Broadcasters facing content drought in coronavirus hangover

Broadcasters are potentially facing long-term scheduling headaches with more than half of scripted TV shows facing delays.

According to a new report from Ampere Analysis, the underlying effects of production shutdown caused by the coronavirus pandemic will be felt for the remainder of 2020 and into 2021.

The research firm estimates that in the second half of 2020, top TV commissioners will release between 5-10% fewer new scripted titles on a monthly basis than previously predicted. The effect will last into the first half of 2021, and potentially longer.

It goes on to add that over half of scripted titles which would normally have released in the second half of 2020 are at risk of delays in release schedules due to the current production hiatus.

On a more positive note, titles scheduled to be released between June and August are unlikely to be affected too seriously, with most of these already being in post-production at the time of the shutdown.

Despite this, Netflix had previously stated with confidence that it won’t run out of content in 2020, with its slate unaffected by the pandemic – though the streamer is apparently the exception to the rule.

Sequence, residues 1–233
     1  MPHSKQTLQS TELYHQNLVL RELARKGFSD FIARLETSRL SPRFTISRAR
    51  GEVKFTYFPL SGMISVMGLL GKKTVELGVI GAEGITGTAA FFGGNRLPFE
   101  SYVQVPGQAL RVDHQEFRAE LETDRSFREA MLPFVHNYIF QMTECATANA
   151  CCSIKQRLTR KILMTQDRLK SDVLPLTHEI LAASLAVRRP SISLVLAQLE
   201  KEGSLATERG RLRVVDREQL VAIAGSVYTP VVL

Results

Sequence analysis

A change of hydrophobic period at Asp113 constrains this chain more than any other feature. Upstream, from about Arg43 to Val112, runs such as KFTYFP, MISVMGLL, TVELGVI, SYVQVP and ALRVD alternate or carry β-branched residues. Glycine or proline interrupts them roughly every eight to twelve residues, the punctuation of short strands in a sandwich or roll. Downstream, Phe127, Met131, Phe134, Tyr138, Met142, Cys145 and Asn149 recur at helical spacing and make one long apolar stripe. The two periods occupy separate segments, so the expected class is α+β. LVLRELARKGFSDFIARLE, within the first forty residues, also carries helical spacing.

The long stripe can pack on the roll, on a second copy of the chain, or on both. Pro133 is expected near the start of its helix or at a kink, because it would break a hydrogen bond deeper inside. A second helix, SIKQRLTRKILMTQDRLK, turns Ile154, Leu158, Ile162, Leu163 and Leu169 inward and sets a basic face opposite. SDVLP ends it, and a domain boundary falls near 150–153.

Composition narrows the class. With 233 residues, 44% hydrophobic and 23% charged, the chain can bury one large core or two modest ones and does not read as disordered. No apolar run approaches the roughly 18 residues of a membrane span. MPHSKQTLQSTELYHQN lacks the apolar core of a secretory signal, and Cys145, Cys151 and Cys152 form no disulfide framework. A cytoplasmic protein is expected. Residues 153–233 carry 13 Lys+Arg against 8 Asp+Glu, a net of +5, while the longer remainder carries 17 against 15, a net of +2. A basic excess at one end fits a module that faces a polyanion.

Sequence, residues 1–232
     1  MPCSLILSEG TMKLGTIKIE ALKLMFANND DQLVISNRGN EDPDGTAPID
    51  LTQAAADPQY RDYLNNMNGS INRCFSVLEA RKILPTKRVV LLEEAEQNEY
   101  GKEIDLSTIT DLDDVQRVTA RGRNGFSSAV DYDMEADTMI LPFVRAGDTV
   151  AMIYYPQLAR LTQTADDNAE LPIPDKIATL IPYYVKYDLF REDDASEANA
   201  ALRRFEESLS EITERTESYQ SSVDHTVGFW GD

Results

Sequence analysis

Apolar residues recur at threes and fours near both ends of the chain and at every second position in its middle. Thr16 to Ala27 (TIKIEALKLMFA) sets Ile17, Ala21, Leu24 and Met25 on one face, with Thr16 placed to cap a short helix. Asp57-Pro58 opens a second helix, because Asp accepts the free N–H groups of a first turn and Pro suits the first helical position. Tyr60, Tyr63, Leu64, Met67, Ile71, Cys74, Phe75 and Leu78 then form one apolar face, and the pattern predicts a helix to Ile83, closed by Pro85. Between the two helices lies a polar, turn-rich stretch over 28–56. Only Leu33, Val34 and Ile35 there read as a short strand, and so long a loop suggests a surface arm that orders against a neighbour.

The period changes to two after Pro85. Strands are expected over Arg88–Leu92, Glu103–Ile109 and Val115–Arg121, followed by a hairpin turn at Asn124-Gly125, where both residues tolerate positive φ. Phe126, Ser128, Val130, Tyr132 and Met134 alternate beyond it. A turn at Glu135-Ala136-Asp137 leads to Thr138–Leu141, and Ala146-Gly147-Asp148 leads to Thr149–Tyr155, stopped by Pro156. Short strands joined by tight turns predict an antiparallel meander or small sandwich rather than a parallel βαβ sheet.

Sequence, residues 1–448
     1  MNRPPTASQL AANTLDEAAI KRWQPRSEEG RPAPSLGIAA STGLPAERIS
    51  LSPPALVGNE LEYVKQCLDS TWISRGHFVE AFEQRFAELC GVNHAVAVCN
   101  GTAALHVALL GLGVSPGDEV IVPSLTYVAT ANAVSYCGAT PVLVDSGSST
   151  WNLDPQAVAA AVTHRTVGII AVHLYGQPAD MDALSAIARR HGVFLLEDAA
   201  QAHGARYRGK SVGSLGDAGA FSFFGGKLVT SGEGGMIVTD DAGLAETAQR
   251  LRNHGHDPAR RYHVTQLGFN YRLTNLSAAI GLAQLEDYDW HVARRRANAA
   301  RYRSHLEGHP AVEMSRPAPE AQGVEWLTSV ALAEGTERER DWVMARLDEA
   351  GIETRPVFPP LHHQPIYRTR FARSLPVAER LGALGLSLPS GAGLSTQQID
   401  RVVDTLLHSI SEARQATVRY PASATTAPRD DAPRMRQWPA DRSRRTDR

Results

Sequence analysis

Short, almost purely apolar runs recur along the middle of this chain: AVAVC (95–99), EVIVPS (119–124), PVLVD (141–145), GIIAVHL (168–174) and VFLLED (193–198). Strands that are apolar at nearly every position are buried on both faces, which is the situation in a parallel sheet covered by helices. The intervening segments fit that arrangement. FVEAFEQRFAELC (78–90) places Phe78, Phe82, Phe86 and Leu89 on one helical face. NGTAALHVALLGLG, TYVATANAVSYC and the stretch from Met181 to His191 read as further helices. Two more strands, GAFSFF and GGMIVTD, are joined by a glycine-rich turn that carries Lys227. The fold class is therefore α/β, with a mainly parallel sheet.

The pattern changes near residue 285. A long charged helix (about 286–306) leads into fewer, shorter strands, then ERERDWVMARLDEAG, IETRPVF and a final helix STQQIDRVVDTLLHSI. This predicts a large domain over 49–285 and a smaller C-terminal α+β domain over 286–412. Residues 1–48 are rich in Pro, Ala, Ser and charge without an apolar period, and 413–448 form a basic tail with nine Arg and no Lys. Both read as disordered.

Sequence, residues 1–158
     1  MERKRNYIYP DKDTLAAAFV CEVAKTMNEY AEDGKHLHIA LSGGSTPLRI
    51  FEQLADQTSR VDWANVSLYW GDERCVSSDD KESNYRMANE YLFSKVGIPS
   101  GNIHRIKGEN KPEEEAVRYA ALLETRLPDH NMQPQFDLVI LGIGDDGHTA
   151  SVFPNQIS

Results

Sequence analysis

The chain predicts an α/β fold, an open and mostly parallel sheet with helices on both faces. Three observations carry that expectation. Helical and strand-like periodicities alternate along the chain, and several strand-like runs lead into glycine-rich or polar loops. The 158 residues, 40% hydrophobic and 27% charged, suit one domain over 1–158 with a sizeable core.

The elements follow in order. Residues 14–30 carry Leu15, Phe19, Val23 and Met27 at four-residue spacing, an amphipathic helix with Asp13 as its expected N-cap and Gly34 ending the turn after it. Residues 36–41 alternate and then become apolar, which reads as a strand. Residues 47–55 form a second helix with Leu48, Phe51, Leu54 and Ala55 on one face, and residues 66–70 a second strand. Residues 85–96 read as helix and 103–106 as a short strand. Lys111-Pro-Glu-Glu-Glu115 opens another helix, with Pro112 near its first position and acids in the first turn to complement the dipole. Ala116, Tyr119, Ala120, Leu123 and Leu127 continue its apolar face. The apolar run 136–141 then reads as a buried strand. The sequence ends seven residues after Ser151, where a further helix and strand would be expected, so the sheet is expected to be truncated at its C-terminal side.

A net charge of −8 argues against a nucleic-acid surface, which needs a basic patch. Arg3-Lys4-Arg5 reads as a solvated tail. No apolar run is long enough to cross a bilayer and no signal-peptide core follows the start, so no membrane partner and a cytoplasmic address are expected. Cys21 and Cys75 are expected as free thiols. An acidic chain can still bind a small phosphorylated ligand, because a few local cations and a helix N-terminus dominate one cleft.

The report goes onto claim that between 5-10% of scripted titles expected to be released in the autumn months are likely to be lost never to see the light of day.

Unscripted content is predicted to weather the storm, with schedules expected to return to normal by the autumn. However, the report notes that the loss of top shows likeLove Islandand The Bachelorettewill have a knock-on effect on their broadcasters.

Fred Black, senior analyst at Ampere Analysis, said: “Initially, we expect delays to cause gaps in scripted TV release schedules, which broadcasters and streaming players will have to fill with other content. However, as delayed productions begin to fill out content gaps in later months, these gaps will begin to close.

“But this has further ramifications. The knock-on effect of delayed releases is a likely depression of the number of new commissions for some time after the shutdown ends, as commissioners look to fill schedules with delayed projects they have already invested in before signing off new ones.”

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